London Natural History Museum: The Miracle of Pregnancy

Wednesday, December 15, 2010
By Student Group

The 9th grade biology students recently traveled to London for a week-long field trip to many historical sites.  The students spent three hours exploring the Natural History Museum.  The following is the sixth in a series of posts written by the students to discuss what they learned.

by Leyla, Monica, and Sabrina

The freshman class of Staten Island Academy took an academic week long trip to the city of London.  While we were there, we were lucky enough to be able to visit the fascinating  Museum of Natural History.  Each of the students from the grade was sectioned off into smaller groups of three to visit a certain exhibit.  Our first stop at the museum was the Darwin Cocoon, an exhibit required for the whole grade to visit. Then our group was assigned to the Human Biology exhibit.  The main section of the exhibit that we focused on was the early parts and development of a fetus inside the mother’s womb.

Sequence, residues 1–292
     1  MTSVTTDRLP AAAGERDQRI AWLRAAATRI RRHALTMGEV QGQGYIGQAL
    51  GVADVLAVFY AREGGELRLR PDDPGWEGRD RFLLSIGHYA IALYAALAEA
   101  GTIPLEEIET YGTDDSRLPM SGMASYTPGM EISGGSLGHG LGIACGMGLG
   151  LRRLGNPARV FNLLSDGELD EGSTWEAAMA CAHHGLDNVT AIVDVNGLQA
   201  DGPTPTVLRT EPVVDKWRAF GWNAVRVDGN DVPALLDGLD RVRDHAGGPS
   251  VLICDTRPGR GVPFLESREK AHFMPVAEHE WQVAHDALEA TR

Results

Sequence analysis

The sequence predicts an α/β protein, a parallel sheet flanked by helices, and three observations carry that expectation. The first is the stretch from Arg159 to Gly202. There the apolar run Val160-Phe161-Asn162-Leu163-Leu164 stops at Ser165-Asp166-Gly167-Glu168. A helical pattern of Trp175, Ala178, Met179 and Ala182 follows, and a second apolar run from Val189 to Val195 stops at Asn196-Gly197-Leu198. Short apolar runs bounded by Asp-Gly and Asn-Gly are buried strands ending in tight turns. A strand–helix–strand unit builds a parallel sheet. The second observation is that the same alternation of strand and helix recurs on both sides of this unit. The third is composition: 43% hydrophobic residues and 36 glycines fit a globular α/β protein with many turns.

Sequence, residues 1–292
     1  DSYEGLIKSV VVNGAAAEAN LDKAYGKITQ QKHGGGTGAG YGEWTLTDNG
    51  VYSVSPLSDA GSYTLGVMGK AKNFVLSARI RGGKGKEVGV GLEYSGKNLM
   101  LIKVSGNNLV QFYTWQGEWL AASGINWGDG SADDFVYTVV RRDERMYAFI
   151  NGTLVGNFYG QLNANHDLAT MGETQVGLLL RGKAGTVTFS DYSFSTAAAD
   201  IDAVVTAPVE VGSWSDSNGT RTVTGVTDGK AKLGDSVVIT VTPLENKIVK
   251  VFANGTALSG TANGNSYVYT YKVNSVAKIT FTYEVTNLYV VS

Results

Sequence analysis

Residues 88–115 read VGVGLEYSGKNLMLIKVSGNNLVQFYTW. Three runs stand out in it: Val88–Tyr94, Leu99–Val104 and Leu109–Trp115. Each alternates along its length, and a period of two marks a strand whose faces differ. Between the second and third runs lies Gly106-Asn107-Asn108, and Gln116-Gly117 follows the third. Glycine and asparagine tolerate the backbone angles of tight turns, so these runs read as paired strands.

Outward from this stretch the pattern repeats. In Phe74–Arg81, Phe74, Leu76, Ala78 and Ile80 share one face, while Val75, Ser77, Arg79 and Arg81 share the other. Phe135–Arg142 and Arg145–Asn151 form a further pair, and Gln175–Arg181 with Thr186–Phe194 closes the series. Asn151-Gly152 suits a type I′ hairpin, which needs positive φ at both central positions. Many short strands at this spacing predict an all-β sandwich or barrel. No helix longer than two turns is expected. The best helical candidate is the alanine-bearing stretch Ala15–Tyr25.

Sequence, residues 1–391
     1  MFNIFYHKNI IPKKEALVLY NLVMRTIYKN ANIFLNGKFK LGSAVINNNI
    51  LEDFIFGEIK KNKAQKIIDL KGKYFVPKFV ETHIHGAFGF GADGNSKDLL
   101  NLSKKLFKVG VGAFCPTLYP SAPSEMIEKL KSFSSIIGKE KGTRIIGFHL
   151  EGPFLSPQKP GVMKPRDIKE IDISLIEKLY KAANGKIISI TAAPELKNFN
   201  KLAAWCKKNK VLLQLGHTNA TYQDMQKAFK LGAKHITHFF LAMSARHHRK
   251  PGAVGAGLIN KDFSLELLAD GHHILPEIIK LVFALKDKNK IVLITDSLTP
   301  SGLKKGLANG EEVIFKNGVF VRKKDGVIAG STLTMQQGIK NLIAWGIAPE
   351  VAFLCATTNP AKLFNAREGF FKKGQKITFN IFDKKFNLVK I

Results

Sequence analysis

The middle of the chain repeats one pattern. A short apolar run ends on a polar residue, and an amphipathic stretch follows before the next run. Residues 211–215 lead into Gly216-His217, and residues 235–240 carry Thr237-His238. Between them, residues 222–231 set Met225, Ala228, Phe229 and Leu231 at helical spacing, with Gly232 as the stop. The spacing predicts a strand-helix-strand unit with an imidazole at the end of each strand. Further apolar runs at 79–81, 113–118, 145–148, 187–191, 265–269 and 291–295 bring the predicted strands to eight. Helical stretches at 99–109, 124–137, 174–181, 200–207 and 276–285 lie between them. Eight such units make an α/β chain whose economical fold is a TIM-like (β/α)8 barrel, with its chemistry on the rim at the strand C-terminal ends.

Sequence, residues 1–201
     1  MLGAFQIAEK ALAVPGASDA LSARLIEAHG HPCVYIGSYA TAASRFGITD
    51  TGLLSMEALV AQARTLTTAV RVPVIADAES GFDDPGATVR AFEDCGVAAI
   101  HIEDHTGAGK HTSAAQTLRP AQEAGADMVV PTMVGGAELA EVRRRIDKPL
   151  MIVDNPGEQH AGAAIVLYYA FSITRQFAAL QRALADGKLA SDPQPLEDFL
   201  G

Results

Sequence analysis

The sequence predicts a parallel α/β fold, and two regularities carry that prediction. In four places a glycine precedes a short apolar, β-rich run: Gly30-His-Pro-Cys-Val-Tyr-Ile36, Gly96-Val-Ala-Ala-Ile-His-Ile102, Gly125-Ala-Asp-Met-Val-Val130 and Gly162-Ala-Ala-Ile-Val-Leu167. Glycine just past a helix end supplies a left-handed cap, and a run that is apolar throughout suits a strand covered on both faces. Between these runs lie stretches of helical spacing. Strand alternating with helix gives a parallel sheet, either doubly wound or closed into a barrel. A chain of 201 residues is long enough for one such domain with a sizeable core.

In the Darwin Cocoon exhibit, there are over 70 million specimens ranging from plants to insects. These specimens are essential to the study of fighting malaria and climate change. One extremely intriguing part of the Cocoon exhibit was the the glass cases, which held hundreds of specimens. Walking through the Cocoon, our group took part in various activities throughout the exhibit. We were particularly interested in the hands on activities. One hands on activity that we all enjoyed was watching a brief video on a traveler packing to go to the Galapagos. In this activity, we were required to study the specimens and choose what we would be bringing on our journey, not only apparel wise, but what items we would need when studying and catching more specimens.